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brought on themselves by a wretched choice that of refusing duly to hear aright,

Hearing the word aright is then a duty of vast importance; and a duty which it will be desirable more fully to explain. The church of England, ever alive to man's insufficiency, beautifully states this duty in a prayer in the Litany-"That it may please thee to give to all thy people increase of grace, to hear meekly thy word, and to receive it with pure affection, and to bring forth the fruits of the Spirit." The same duty is fully summed up in the following answers in the Assembly's Catechism—" It is required of those that hear the word preached, that they attend upon it with diligence, preparation, and prayer, examine what they hear by the Scriptures, receive the truth with faith, love, meekness, and readiness of mind as the word of God; meditate, and confer of it in their hearts, and bring forth the fruits of it in their lives."

But let us enter more particularly into our Lord's direction, Take heed how ye hear, in the way of prac tical rules, only bearing in mind, that while the grace of the Holy Spirit blesses the word to our real good, that same Spirit prepares the heart to receive it aright, and gives suitable dispositions that we may hear with profit.

We will first shew what is to be guarded against in hearing; then explain the nature of due hearing; and lastly, give some practical directions that may assist us thus to hear.

I. The precept, take heed, teaches us to GUARD




Let us consider in what respects we should take heed :

1. TAKE HEED TO YOUR MOTIVES IN GOING TO HEAR: What is the object which you have in view? There are many unworthy ends, such as curiosity, criticism, entertainment, or even mere general information about religious topics. These are not the ends at which we should aim. Hearing is not to gratify men's curiosity, but to save their souls; yet it is rather some novelty that attracts most men's attention that the simple statement of the most solid truths. If there be a funeral sermon for any public character, crowded congregations will attend, and eagerly listen to those parts which relate to the individual; if there be a missionary sermon, those parts which contain facts relative to the heathen will excite most attention. If we may judge of men's motives by their conversation, some come merely like the Athenians, to hear something new; some to know what will be said on any particular doctrines by the preacher, or to be able to talk about him, and his style, and manner of preaching: others come rather to see what is passing than to hear; but

to enter the house of God, to have our eyes and ears entertained and not our hearts reformed, must certainly be most displeasing to God." Inconstancy of attendance is frequently connected with this spirit, and such lose the benefits of that full course of divine truth which regular hearers attending one ministry receive. Let us, like the poor man at the pool of Bethesda, who patiently waited many years, and at last was blessed by the Saviour, patiently attend the ministry of the Gospel, and we shall also doubtless receive a blessing. The preaching of the word is an act of grace proclaiming infinitely more than the remission of human penalties, or any temporal evil; it proclaims God's favour to sinners for their eternal good. Shall we spend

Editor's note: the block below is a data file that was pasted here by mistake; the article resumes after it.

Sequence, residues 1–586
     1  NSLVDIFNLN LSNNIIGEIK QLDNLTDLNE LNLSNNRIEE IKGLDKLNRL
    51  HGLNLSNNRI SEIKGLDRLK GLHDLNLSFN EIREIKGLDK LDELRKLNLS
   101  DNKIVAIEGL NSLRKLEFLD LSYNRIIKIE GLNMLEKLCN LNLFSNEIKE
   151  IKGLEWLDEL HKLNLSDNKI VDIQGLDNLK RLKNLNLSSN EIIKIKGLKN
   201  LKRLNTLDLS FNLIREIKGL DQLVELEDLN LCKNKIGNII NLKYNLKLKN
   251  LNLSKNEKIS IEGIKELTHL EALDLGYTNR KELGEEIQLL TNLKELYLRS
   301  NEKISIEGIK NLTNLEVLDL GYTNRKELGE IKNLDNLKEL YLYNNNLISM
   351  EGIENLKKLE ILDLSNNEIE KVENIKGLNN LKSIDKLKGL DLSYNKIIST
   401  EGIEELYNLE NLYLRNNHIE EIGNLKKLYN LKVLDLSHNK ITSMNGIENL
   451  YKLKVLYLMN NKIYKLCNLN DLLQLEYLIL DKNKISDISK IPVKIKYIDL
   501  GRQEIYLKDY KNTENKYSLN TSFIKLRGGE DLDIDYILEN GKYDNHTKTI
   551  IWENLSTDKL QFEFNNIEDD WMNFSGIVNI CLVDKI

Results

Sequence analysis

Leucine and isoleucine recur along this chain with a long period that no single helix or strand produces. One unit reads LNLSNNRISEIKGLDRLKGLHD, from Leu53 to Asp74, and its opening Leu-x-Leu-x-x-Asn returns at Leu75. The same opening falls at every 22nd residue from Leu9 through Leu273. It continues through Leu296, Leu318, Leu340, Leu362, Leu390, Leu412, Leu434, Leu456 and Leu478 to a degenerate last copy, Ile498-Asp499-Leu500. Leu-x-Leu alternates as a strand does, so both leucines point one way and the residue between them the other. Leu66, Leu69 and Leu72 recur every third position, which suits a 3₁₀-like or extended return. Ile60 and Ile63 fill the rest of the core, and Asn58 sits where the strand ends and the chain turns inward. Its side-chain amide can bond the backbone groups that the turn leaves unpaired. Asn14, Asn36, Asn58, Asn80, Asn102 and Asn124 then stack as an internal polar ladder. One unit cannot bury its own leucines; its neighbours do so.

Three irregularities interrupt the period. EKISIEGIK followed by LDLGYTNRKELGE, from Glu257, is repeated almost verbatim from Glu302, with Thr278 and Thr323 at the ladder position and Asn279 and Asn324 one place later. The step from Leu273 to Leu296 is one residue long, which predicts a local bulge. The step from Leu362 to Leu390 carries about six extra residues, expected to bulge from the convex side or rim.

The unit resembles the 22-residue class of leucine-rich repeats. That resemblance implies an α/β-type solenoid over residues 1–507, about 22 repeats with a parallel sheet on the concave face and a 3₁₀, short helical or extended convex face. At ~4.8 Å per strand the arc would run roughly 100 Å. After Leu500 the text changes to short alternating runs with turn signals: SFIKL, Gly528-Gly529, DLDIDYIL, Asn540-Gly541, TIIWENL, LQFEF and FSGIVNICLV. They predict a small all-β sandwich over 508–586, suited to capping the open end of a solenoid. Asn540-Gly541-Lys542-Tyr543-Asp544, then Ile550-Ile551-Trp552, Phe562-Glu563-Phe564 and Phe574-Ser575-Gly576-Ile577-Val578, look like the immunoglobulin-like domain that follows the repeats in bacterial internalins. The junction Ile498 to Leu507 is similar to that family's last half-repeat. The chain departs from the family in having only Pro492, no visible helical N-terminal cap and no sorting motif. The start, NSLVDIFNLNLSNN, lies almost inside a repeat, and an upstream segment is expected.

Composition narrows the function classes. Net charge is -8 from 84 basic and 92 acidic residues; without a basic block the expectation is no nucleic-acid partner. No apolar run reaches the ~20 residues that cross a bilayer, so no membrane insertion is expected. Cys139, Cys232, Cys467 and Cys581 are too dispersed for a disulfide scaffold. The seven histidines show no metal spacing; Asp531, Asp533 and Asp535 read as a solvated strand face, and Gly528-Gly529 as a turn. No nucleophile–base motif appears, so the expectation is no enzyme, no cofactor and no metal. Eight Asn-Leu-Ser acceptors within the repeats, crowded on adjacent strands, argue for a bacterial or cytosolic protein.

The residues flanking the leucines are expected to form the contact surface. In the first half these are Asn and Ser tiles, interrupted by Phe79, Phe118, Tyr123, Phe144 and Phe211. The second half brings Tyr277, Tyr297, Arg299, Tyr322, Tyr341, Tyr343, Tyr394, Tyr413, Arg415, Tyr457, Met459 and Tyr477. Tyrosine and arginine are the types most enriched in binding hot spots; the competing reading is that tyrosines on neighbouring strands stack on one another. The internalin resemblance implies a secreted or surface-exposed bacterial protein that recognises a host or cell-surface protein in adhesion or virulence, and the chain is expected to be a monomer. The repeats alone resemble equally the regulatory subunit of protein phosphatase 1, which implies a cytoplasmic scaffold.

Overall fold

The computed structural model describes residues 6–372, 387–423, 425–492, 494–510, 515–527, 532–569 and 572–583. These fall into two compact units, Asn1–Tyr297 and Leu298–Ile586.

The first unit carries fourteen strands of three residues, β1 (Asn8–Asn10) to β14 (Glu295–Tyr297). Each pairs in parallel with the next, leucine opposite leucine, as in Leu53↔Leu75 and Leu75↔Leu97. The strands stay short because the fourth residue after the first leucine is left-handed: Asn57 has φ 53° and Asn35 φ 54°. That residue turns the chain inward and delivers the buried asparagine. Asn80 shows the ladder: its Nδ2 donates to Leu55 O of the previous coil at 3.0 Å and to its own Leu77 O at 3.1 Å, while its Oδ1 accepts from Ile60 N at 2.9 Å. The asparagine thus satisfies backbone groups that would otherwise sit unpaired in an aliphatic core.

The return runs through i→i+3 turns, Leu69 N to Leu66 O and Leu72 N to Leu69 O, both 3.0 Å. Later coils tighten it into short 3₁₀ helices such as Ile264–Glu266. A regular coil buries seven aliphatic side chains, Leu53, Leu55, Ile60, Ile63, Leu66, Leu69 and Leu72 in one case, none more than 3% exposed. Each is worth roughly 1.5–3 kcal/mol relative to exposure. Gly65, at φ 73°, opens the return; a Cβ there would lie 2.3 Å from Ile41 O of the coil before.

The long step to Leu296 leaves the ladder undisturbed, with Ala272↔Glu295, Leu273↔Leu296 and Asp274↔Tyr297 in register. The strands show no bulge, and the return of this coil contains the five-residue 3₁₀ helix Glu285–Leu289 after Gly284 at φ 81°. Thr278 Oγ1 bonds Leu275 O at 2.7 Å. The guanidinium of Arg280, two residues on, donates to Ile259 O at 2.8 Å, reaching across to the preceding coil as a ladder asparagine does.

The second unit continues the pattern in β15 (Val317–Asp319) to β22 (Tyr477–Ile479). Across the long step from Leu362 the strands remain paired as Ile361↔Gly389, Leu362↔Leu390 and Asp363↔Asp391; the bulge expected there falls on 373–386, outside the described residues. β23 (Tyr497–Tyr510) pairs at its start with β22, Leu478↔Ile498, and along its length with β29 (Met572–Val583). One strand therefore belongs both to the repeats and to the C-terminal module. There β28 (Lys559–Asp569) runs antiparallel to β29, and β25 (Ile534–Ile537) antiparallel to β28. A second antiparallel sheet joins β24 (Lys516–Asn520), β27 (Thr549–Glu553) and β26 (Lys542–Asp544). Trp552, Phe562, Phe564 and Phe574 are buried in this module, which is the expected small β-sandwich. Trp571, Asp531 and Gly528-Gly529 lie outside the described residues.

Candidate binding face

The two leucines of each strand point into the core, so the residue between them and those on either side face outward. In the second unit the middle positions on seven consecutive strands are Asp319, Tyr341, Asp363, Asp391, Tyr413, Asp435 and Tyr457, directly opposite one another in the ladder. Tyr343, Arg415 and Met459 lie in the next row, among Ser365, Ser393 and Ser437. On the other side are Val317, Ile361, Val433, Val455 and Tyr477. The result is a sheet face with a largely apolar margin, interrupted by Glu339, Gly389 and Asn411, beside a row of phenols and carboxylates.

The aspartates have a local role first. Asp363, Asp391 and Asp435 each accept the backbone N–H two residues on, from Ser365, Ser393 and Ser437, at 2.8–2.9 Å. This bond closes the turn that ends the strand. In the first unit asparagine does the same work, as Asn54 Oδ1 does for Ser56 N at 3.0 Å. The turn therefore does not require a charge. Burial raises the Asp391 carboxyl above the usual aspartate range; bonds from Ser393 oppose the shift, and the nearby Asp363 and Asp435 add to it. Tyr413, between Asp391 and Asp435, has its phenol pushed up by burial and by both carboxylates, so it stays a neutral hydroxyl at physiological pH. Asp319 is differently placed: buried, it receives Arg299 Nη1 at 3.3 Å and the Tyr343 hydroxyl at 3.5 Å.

upon disputing who is the best preacher, than upon obtaining benefit to themselves from what they hear."

Suppose again a minister FAITHFUL, but UNTALENTED, dull, and perhaps tedious: still, what is the state of your own heart? Do you say, There is one in a neighbouring parish, or in a dissenting meeting, who interests you more: but your own parish minister allowedly preaches the truth; attend him, then, and look more simply to the Lord for his blessing. Remember the general benefits of order and of the established church. Sacrifice something of taste and feeling for the general good. The spirit of wandering is very bad; it destroys pastoral unity, and cuts up that sympathy which should ever subsist between a minister and his people. Wanderers are not thrivers in the Christian life themselves; and their examples are injurious to others. Go regularly to one minister, and one place; and while you are depending on divine teaching, your soul shall flourish under the divine blessing. It has been observed, even by those who dissent from us, "Be sure you do not mistake the true nature of spiritua! edification, in thinking that nothing edifies but what either pleases our fancies or raises our sensitive passions. Such qualifications in ministers should be the ground of our choice and esteem, as are truly ministerial, and most adapted to answer the great ends of the ministry; and after all, we must expect more from it as the ordinance of Christ, than barely the performance of a man, though ever so wise and skilful, pious and faithful. By overlooking the institution of God, and having, too, raised expectations from man, we provoke him to blast the most promising means. On the contrary, a weaker ministry is often greatly blessed when it is the best persons can conveniently and regularly enjoy, and is